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While not insignificant, these controls hardly go far enough. The oversight provisions essentially mirror those put in place to review TARP—and these proved entirely inadequate. The Congressional Oversight Panel, Silvers argues, “was purely advisory. It had no subpoena power, and it could not swear in witnesses. Officials came in front of us and lied with impunity.” To the extent that the panel is remembered today as an effective watchdog, Silvers explains, “that was due really only to the enormous work put into it by [Elizabeth] Warren, my fellow board members, and the staff.” Indeed, with the current bailout, Trump has already suggested that he could gag the inspector general from making public any reports.
Such statements make clear the need not only to ensure current oversight provisions are exercised to the fullest extent possible, but also to get Congress to push for even greater controls. One lesson from the RFC—which started small but then had its powers expanded in 1933, 1934, 1936, and 1938—is that major struggles over the scope and independence of bailout agencies have continued to occur well after their initial establishment, particularly when these offices have required renewed funding. Amid the current pandemic, this is something that Treasury Secretary Steven Mnuchin has predicted could happen in as little as ten to twelve weeks.
But the vision should also extend beyond oversight. In the case of the RFC, the government assumed equity in corporations in exchange for public support. And the agency was not afraid to use this equity to assert a forceful voice in corporate management. “In many cases, it put real stipulations in place in terms of governance—including caps on executive pay,” says Cebul. During TARP, the government did receive stock in bailed-out banks, but they were explicitly designed to be non-voting shares, denying the public a voice in managing bank behavior. The current slush fund may be even worse than TARP, as the public may not receive any equity at all for many of its loans and loan guarantees.
As a result of a lack of government control, we have little reason to believe corporations will continue to retain their workers—ostensibly the key goal of keeping corporate America afloat. Corporations in the airline and national security industries receiving the $46 billion directly from the Treasury are required to maintain “employment levels as of March 24, 2020, to the extent practicable, and in any case shall not reduce its employment levels by more than 10 percent.” This requirement undoubtedly reflects both the high level of organization among unionized workers in the airline industry, and the public stake the federal government will inevitably take. But for large corporations receiving indirect support via the money channeled through the ESF and leveraged through Federal Reserve borrowing, no such firing freeze exists.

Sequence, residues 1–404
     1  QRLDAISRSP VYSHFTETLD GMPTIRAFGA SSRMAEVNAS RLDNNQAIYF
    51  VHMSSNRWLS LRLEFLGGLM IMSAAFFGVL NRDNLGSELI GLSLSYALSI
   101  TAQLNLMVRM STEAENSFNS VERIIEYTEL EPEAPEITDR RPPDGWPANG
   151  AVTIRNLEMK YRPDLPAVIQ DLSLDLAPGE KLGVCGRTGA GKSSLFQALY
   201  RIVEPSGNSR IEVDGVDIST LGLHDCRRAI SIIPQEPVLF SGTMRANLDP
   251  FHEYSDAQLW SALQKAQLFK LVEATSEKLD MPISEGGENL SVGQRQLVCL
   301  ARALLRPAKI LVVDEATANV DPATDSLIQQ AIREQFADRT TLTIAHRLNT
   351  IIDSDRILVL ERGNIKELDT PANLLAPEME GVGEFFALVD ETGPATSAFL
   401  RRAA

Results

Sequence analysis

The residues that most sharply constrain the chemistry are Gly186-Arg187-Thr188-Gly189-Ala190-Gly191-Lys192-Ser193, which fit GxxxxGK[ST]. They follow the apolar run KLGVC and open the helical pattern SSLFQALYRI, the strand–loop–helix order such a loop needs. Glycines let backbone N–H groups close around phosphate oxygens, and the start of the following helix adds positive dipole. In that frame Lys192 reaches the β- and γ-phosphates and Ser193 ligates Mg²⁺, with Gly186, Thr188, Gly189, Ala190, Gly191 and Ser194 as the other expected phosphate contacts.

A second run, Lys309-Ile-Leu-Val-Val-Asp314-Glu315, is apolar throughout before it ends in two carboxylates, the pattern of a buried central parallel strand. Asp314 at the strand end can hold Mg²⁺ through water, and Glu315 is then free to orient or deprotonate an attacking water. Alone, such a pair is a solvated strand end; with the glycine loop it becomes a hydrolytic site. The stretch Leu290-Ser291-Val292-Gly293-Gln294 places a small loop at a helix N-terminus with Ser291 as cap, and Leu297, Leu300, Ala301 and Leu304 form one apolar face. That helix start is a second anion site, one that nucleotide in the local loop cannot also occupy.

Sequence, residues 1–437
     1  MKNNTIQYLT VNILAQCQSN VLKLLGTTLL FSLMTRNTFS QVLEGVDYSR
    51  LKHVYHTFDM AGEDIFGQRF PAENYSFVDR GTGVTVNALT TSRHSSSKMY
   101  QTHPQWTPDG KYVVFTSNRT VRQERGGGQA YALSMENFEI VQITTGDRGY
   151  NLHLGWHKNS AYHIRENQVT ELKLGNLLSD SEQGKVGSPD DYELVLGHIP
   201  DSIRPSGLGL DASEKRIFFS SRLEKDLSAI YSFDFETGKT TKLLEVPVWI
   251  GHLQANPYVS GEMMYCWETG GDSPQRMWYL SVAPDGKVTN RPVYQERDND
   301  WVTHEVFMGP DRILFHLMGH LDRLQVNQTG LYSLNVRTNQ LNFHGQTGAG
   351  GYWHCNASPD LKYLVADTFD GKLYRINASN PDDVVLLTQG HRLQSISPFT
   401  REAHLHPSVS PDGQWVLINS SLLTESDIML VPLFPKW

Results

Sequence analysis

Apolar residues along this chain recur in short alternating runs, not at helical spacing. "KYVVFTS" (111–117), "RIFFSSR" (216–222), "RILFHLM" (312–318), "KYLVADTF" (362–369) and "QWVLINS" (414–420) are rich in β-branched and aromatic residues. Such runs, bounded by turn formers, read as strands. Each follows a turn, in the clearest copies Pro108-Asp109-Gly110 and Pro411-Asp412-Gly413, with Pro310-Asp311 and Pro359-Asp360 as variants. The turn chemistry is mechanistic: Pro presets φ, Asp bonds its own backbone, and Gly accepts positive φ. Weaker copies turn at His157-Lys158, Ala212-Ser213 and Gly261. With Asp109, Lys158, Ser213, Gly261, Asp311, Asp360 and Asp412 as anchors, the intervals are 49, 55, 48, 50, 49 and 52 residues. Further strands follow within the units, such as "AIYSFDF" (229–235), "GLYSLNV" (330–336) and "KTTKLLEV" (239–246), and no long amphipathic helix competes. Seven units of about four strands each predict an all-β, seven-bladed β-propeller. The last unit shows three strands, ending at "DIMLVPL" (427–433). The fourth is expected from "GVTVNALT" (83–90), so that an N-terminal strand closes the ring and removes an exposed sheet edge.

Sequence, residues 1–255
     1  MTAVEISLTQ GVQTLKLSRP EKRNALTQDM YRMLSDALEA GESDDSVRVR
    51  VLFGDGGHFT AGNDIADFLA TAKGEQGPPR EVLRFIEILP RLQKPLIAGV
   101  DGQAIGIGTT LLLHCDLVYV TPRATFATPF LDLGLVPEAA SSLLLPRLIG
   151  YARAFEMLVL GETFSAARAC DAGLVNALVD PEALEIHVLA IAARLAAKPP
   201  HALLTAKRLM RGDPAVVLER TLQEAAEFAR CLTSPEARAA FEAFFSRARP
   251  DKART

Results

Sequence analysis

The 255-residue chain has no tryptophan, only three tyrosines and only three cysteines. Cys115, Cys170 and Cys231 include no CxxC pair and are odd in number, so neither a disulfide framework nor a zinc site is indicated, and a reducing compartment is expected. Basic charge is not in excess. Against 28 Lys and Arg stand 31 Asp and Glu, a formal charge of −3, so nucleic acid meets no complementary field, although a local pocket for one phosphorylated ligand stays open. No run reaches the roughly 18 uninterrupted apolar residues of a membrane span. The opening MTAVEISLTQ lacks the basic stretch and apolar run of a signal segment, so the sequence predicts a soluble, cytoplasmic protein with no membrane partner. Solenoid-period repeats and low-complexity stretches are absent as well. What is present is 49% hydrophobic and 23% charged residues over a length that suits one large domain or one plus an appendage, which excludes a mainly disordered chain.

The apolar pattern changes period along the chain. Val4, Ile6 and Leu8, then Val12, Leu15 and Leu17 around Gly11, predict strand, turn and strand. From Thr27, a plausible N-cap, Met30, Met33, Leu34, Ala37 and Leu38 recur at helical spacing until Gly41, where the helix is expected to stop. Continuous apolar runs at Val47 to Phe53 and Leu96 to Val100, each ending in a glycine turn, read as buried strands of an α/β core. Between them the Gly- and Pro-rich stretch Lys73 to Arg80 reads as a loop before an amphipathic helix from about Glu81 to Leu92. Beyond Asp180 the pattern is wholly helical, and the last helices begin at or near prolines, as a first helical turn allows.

Although a revival of the RFC may not be in the cards, those looking to democratize the economy should remain alert to the possibilities that the current bailout arrangements present. In addition to demanding public equity and public influence over governance in exchange for the assumption of corporate risk, lawmakers should look at mechanisms like the ESF-Fed arrangement as an opportunity to use the powers of the Federal Reserve for good, rather than to merely meet the needs of Wall Street. Writing in the Washington Post, financial analyst and bond trader Jim Bianco has suggested that the new relationship between the Treasury Department and the Federal Reserve that has been established by the bailout risks creating a dangerous overlap between the two institutions. The use of the Exchange Stabilization Fund to buy securities and backstop loans, with the Fed “acting as banker and providing financing” means that “the federal government is nationalizing large swaths of the financial markets,” he contends. “This scheme essentially merges the Fed and Treasury into one organization. So, meet your new Fed chairman, Donald J. Trump.”
Certainly, the Trump administration, in claiming new powers of economic management, can hardly be trusted to act in the best interest of American workers. But an autonomous Federal Reserve can hardly be relied upon either. Sober historical evaluation reminds us that it was only in 1951 that the Federal Reserve secured its independence from the Treasury—and then as an agreement between the beleaguered Truman administration and an empowered business community eager to retain control over interest rates to choke off employment booms at a moment when organized labor was at its historic peak. The public restoration of Federal Reserve and Treasury interdependence dispels the illusion that has undergirded central bank policy since the 1970s: that there is such a thing as an apolitical realm of “financial expertise.” When it is no longer possible to argue that “the economy” is separate from—and holds priority over—politics, we have reached a moment that holds significant potential for future governments.
In other words, the battle over the bailout, and the wider struggle over the shape of a post-pandemic economy, has only just begun.
Photo credit: Kurtis Garbutt / Flickr.